To meet emerging global standards and overcome negative reputations, many states in the Arab world are proposing more progressive gender policies. As a result, leaders of many Arab states are attempting to strike a delicate balance between promoting women’s rights to assuage external audiences and keep up with changing internal dynamics, while still upholding the role of the woman as a central figure in the family to maintain the support of the conservative segments of their societies. This leaves women, and especially young women, in a difficult situation: as one recounted, “I have a job and future plans. Why should I marry? I don’t want to say that marriage erases the dreams, but sometimes with the family commitment you can’t do it.”
Arab Women at Work
The Arab states report the lowest female labor participation rate in the world. At 20 percent, it is less than half the world average (47 percent). Female unemployment is nearly three times the world average (around 15 percent), and Arab women are also less likely to be in managerial positions than their global counterparts—11 percent vs. 27 percent, respectively. The region has been especially slow to incorporate women into political decision-making, although some progress has been made in this sector, spurred by women’s growing presence in politics through activism. The UAE was the first Arab country to appoint a woman as Speaker of the Federal National Council (Parliament) in 2015, and Algeria, Iraq, Mauritania, Sudan, and Tunisia instituted gender quotas for government positions, which brought women’s representation in government to more than 25 percent. Many countries, however, still have little or no female representation in any significant governmental roles.
Unlike in some regions, these disparities are not reflected as strongly in education. For the most part, outside of the most rural and impoverished areas, Arab women are highly educated, performing as well as—and often better than—men. However, patriarchal norms lead to an environment where educated women are explicitly or implicitly discouraged from working. The MENA region also performs worse than any other region on business and legal policies for women, including on mobility issues (i.e., the ability to travel independently), pay, workplace policies, entrepreneurship, and other sectors. Coupled with familial duties and expectations, an inhospitable working environment discourages many women from fighting to enter the workforce only to face low pay, poor benefits, and insufficient workplace protections.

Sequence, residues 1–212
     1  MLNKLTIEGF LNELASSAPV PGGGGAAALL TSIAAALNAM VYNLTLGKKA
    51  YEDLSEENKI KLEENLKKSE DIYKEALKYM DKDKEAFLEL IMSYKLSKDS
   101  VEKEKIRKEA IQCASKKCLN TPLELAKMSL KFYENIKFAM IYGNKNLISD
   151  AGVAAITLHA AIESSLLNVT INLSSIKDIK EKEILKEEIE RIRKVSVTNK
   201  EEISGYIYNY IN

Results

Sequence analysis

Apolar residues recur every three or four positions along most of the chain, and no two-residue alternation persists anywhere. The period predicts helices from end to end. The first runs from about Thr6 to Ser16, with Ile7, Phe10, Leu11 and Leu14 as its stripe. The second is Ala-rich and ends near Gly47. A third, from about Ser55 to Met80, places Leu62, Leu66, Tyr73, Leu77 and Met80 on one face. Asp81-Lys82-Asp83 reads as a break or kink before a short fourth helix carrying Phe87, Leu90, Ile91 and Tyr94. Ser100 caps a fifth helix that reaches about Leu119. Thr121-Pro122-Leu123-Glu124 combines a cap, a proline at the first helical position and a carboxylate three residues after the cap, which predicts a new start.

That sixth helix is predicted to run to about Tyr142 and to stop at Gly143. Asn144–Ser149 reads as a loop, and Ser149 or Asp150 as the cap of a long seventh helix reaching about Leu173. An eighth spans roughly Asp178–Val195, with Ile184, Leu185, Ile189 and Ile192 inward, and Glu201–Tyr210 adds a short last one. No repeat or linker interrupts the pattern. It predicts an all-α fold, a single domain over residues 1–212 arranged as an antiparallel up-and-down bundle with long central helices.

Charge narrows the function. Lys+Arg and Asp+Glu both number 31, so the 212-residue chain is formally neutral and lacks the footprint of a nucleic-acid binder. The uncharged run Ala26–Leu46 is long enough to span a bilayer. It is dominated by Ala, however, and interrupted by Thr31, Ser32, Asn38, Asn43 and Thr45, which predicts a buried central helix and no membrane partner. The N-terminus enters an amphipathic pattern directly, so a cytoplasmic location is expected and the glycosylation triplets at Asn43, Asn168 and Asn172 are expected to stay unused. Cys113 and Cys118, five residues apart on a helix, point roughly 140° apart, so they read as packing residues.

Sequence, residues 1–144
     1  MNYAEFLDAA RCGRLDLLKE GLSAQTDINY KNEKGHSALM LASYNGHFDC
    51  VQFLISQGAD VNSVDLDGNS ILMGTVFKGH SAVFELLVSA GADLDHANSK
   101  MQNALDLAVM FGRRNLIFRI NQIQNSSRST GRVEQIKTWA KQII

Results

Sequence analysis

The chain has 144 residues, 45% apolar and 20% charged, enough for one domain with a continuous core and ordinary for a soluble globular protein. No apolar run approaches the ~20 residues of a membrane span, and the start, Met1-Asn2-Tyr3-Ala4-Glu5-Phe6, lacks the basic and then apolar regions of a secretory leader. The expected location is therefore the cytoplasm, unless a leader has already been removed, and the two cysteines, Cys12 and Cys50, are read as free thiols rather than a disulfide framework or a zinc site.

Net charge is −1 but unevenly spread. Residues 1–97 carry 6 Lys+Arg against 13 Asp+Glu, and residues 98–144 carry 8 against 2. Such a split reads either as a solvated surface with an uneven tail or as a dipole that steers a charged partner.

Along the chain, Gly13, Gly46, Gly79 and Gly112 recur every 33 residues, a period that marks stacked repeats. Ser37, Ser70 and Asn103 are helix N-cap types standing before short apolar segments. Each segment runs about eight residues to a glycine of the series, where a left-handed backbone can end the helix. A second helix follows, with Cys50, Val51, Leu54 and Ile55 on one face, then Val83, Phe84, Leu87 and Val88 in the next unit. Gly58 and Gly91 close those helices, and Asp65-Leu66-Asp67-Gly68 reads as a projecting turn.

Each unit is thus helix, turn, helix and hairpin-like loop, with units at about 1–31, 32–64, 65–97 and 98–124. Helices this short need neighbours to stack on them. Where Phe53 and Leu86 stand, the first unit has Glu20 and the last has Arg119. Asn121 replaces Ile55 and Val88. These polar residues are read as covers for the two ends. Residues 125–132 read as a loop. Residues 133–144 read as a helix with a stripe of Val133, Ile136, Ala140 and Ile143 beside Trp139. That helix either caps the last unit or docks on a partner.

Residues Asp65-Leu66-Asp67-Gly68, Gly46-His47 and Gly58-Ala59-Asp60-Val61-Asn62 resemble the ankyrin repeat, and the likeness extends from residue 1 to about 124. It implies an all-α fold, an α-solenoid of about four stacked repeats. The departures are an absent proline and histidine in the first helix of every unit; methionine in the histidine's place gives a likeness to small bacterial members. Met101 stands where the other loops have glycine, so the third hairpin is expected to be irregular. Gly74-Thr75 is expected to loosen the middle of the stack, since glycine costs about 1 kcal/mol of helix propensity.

For the most part, outside of the most rural and impoverished areas, Arab women are highly educated, performing as well as—and often better than—men.
Recognizing that change is needed for advancing internal development as well as for remaining competitive globally, many states are changing their policies toward women in the workplace, albeit slowly. Saudi Arabia, for example, set a target for the female labor participation rate to reach 30 percent by 2030, a number they claim they have already surpassed. The UAE has also made strides in economic empowerment under its Gender Balance Council, introducing criminal penalties for sexual harassment, prohibiting gender-based discrimination in hiring and firing, and allowing women to work in sectors previously barred to them. Still, most employed women in Arab states work in low-paying jobs in limited industries that are considered acceptable for women. As a result, many women with even advanced degrees may exit the workforce once they are married and especially once they have children. In many Arab states, highly educated women are actually more likely to be unemployed than women with less education.
Arab Women at Home